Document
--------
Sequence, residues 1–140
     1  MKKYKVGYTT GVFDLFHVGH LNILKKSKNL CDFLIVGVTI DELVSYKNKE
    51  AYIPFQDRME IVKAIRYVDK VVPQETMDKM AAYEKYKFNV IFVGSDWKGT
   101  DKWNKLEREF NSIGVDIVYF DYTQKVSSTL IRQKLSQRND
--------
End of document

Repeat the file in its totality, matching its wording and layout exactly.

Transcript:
Sequence, residues 1–140
     1  MKKYKVGYTT GVFDLFHVGH LNILKKSKNL CDFLIVGVTI DELVSYKNKE
    51  AYIPFQDRME IVKAIRYVDK VVPQETMDKM AAYEKYKFNV IFVGSDWKGT
   101  DKWNKLEREF NSIGVDIVYF DYTQKVSSTL IRQKLSQRND